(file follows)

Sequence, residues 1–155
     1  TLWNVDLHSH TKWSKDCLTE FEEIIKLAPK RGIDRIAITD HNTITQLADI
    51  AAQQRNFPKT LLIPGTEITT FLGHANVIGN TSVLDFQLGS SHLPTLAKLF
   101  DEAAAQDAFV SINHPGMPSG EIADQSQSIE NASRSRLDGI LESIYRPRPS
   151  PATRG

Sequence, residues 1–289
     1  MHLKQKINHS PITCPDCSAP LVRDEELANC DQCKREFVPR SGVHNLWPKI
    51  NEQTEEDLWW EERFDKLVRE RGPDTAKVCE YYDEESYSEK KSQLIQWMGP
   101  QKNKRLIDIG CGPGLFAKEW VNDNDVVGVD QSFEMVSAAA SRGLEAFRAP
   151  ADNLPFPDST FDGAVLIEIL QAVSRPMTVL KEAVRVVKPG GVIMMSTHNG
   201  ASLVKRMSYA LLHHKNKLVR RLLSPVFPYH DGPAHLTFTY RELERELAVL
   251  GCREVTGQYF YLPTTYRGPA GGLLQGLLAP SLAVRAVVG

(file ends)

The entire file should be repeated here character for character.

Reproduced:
Sequence, residues 1–155
     1  TLWNVDLHSH TKWSKDCLTE FEEIIKLAPK RGIDRIAITD HNTITQLADI
    51  AAQQRNFPKT LLIPGTEITT FLGHANVIGN TSVLDFQLGS SHLPTLAKLF
   101  DEAAAQDAFV SINHPGMPSG EIADQSQSIE NASRSRLDGI LESIYRPRPS
   151  PATRG

Sequence, residues 1–289
     1  MHLKQKINHS PITCPDCSAP LVRDEELANC DQCKREFVPR SGVHNLWPKI
    51  NEQTEEDLWW EERFDKLVRE RGPDTAKVCE YYDEESYSEK KSQLIQWMGP
   101  QKNKRLIDIG CGPGLFAKEW VNDNDVVGVD QSFEMVSAAA SRGLEAFRAP
   151  ADNLPFPDST FDGAVLIEIL QAVSRPMTVL KEAVRVVKPG GVIMMSTHNG
   201  ASLVKRMSYA LLHHKNKLVR RLLSPVFPYH DGPAHLTFTY RELERELAVL
   251  GCREVTGQYF YLPTTYRGPA GGLLQGLLAP SLAVRAVVG